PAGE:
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Big Man is that hangry, grumpy, self-destructive beast that lies dormant in all of us until we hit that perfect combination of insufficient sleep and no food. That is when the Big Man emerges.

Ron Mueck, the creator of this lil' (7 foot tall) guy, decided that he would use a model for this sculpture - something outside of his repertoire. He hired what the modeling world calls a “smoothie,”aka a completely hairless man. The off-putting-ness has already begun. Mueck’s own recollection of the incident is the best. He explains, “I was also not used to having a model in the studio. I found it quite intimidating, because there’s another person demanding to be related to. And this guy was naked and completely shaven. He didn’t have a single hair on his body. He was quite disturbing. I thought, ‘Right, what am I going to do with this naked man?’ I asked him to sit in the corner while I figured this out. He suggested some poses that he might be able to strike for me, and he took on all these ridiculous classical poses that live models like. They were so phony and unnatural, and I realized there was nothing at all I could do with him. As I was summoning the courage to ask him to leave early, I glanced over at him in the corner waiting for me to make my mind up. He wasn’t quite as belligerent as the sculpture ended up, but he was in that position. And I thought, ‘That looks good.’ So that’s how I came about the pose.” After the initial awkwardness, it was still very awkward but out of it came Big Man and for that we are forever grateful.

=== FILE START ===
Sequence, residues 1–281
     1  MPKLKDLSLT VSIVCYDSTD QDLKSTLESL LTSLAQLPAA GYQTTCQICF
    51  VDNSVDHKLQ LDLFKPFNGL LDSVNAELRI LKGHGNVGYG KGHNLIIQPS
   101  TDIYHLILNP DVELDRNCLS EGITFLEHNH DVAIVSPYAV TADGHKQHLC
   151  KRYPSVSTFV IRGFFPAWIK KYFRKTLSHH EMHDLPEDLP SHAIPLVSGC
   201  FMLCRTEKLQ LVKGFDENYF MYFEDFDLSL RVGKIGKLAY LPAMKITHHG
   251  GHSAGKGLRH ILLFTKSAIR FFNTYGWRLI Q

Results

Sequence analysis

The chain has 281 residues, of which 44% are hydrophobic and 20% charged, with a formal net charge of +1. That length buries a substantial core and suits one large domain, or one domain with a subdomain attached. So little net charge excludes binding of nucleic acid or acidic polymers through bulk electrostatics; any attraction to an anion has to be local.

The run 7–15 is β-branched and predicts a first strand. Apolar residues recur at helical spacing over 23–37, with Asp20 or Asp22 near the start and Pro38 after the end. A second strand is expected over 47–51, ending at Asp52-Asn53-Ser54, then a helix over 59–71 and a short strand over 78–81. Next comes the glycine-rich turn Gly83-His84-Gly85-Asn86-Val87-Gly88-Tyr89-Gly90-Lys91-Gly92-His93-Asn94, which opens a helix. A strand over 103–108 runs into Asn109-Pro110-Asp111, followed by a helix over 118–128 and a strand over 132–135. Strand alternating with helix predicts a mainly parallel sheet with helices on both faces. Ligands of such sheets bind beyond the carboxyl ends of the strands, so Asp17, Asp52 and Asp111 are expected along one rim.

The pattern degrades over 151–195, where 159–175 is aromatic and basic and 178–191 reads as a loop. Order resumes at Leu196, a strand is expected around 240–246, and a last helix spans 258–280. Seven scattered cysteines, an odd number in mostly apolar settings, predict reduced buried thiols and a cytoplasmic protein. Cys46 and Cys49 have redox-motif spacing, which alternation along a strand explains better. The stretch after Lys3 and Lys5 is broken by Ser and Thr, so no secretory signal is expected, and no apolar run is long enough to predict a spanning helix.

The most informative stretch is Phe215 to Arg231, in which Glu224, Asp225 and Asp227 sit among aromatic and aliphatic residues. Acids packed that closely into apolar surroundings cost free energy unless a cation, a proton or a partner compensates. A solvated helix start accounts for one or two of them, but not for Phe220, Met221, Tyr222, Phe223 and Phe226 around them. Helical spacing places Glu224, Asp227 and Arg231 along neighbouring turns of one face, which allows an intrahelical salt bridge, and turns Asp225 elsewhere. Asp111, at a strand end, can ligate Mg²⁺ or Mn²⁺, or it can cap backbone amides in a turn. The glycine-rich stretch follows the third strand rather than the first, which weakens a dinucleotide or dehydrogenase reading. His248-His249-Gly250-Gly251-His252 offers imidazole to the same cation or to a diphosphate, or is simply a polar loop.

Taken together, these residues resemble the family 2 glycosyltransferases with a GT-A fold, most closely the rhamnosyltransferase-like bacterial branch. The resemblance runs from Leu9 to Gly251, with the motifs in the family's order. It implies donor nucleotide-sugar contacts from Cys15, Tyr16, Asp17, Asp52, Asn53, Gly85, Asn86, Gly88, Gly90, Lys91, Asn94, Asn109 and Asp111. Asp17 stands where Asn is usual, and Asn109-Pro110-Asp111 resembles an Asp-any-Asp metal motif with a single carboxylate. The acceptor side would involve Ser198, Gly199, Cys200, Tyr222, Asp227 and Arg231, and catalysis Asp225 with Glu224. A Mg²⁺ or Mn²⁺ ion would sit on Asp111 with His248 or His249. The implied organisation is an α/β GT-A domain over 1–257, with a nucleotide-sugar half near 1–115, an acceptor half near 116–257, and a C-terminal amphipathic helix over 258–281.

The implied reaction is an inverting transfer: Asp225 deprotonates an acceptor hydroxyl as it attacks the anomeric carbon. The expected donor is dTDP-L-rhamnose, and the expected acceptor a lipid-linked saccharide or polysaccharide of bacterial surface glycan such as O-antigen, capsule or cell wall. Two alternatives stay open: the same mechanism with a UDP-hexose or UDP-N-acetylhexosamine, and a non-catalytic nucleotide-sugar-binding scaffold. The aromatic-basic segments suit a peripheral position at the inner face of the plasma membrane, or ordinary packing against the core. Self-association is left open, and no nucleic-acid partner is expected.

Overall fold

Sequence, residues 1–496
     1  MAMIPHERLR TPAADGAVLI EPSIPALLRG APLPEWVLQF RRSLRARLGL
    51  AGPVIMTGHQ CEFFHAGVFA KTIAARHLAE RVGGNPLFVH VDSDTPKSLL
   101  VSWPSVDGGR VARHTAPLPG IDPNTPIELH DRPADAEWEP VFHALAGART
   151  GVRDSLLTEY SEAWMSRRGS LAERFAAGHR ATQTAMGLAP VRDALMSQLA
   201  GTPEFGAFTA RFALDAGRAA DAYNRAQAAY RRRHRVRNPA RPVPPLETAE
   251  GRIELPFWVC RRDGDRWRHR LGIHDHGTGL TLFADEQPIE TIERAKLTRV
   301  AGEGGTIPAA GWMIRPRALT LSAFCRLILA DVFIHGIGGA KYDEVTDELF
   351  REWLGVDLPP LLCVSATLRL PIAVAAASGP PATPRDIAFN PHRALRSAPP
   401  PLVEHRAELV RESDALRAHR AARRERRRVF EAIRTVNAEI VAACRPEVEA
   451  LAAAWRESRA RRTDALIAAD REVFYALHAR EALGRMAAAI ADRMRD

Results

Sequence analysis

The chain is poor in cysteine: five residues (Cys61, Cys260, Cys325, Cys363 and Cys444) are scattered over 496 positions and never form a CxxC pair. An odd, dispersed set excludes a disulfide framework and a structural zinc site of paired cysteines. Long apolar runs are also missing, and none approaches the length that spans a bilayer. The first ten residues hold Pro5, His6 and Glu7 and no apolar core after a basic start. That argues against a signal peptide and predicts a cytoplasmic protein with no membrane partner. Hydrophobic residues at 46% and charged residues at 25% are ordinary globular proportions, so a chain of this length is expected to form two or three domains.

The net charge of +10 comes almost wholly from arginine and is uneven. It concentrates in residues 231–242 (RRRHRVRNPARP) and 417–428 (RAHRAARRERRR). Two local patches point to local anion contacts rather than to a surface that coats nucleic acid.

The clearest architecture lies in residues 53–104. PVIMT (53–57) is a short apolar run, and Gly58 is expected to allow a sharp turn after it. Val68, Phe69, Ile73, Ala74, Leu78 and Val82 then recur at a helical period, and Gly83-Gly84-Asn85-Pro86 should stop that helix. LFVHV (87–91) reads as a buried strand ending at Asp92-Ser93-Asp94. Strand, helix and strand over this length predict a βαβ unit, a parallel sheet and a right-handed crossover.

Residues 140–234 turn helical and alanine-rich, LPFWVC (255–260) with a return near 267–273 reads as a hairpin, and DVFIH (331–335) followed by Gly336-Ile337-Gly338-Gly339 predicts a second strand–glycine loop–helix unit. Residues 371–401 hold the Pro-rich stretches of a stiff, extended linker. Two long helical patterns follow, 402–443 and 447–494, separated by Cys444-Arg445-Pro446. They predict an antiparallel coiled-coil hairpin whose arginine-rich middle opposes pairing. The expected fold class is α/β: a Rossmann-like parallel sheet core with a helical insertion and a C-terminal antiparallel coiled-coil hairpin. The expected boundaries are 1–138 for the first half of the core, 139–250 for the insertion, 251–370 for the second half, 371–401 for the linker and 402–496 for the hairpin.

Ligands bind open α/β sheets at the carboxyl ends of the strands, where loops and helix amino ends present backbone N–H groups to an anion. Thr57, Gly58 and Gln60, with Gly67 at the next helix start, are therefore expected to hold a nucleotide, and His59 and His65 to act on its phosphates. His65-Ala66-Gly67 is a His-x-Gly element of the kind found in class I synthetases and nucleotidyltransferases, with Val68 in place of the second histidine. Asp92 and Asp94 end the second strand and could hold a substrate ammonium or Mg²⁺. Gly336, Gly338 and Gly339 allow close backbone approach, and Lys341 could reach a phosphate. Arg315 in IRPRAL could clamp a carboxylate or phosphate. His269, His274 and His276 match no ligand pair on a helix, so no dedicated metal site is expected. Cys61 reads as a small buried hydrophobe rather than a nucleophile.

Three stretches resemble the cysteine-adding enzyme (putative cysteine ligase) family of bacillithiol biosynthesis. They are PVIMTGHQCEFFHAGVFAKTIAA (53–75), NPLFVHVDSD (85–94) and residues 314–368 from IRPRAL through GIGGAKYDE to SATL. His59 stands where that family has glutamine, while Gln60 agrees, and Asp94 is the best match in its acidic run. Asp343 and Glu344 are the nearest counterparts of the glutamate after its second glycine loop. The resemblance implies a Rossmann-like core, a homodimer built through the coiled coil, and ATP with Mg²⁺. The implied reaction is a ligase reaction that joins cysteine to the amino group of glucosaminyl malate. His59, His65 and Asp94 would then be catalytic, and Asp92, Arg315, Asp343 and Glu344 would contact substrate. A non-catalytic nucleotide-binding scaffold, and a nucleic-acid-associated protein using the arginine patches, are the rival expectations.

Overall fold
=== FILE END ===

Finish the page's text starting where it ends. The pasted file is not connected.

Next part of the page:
This sculpture is now one of the most popular in contemporary art. It’s up there with Yayoi Kusama’s Infinity Mirrors as one of the most Instagrammable works....but unfortunately searching #bigman on Instagram only leads you to a lot of insecure body builders. You’ll just have to go to the Hirshhorn and see for yourself.